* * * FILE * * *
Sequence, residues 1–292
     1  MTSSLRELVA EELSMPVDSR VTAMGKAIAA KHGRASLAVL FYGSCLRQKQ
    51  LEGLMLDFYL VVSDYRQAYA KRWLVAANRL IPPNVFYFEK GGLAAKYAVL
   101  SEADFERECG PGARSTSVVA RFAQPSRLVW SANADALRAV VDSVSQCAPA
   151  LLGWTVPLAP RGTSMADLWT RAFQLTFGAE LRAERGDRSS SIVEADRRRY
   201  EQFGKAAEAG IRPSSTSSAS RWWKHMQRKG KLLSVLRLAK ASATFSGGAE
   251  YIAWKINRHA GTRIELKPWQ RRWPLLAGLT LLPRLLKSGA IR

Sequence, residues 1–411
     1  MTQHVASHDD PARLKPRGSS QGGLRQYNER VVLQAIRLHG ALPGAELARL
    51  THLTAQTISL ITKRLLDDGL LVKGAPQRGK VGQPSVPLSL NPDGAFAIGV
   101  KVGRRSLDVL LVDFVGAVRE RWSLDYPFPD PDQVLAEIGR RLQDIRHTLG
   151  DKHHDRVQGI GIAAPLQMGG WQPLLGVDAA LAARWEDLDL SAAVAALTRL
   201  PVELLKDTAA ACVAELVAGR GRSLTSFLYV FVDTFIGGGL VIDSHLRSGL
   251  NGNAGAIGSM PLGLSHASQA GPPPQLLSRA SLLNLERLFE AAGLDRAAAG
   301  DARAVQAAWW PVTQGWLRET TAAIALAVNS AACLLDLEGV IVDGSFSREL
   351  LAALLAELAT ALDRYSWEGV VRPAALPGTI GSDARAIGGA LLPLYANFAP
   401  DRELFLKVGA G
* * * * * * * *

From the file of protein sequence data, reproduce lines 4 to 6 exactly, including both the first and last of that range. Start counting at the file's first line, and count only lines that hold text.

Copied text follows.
   101  SEADFERECG PGARSTSVVA RFAQPSRLVW SANADALRAV VDSVSQCAPA
   151  LLGWTVPLAP RGTSMADLWT RAFQLTFGAE LRAERGDRSS SIVEADRRRY
   201  EQFGKAAEAG IRPSSTSSAS RWWKHMQRKG KLLSVLRLAK ASATFSGGAE